Considering the above and other recent cases, we remind you to review the requirements of completing a valid Form 6; ensure you are using the current version of the Form 6; and obtain advice from an experienced property lawyer if you have any concerns.

What is required to construct a valid Form 6?

A Form 6 should outline various aspects of the appointment, including but not limited to:-

    • Whether the appointment is a single or continuing appointment 
    • The type of services the agent will be providing
    • Any conditions linked to the services being provided
    • The start and end dates of the appointment
    • Fees, charges, and any commission payable for the service and when they are payable
    • Any authorised expenses, including advertising and marketing costs payable by the client
    • A statement advising the client to obtain legal advice prior to signing the Form 6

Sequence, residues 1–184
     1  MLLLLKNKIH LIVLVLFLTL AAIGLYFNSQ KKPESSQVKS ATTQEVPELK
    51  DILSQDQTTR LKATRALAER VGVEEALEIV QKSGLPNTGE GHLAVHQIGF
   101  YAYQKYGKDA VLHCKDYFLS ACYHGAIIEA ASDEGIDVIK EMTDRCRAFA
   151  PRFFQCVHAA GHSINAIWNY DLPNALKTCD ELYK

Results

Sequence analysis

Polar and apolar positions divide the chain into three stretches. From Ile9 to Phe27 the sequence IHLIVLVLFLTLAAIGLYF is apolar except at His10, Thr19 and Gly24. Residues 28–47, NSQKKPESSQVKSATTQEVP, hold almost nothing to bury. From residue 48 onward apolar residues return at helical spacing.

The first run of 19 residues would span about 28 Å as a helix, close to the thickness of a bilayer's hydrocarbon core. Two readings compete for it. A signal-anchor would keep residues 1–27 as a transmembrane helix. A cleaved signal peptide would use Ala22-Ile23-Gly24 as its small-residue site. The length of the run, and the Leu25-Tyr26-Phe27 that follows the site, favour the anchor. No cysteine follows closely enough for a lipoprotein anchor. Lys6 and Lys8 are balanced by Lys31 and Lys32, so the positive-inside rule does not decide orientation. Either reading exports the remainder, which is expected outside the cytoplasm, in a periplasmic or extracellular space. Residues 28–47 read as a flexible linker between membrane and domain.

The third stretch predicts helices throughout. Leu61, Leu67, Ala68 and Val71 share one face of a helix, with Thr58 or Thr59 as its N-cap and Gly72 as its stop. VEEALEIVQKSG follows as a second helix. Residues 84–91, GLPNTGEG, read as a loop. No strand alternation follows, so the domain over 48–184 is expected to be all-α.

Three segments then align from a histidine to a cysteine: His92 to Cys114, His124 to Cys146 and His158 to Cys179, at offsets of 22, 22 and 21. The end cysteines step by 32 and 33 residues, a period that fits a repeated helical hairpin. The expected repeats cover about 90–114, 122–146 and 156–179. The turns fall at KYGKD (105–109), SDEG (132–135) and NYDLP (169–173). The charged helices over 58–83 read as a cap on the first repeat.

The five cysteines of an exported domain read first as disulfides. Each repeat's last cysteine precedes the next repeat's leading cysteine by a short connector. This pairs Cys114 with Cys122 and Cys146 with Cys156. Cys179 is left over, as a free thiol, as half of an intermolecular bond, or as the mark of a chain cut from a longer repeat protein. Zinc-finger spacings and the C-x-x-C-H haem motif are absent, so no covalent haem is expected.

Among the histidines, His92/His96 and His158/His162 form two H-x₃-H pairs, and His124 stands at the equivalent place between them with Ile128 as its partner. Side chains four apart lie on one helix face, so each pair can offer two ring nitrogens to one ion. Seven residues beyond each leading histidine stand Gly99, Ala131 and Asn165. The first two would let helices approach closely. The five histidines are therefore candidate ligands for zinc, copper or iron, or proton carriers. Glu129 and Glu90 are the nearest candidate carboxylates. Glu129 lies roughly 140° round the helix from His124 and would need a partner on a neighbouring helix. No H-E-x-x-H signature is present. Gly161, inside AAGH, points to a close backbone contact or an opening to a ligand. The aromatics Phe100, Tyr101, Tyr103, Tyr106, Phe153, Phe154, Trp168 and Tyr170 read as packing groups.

• The basis upon which an agent is being appointed (i.e. sole or exclusive)
    • Disclosure of any further financial benefit the agent will receive from a third party

    Common mistakes

    Some oversights that occur when completing a Form 6 include:

      • Inadequately stating when commission is payable
      • Failing to tick what services an agent is appointed to perform
      • Noting the incorrect commission amount
      • Failing to establish the term of the appointment
      • Incorrectly stating the entity or trading name of the agent including licensee name, ABN number, and licence number
      • Misappropriately stating the property description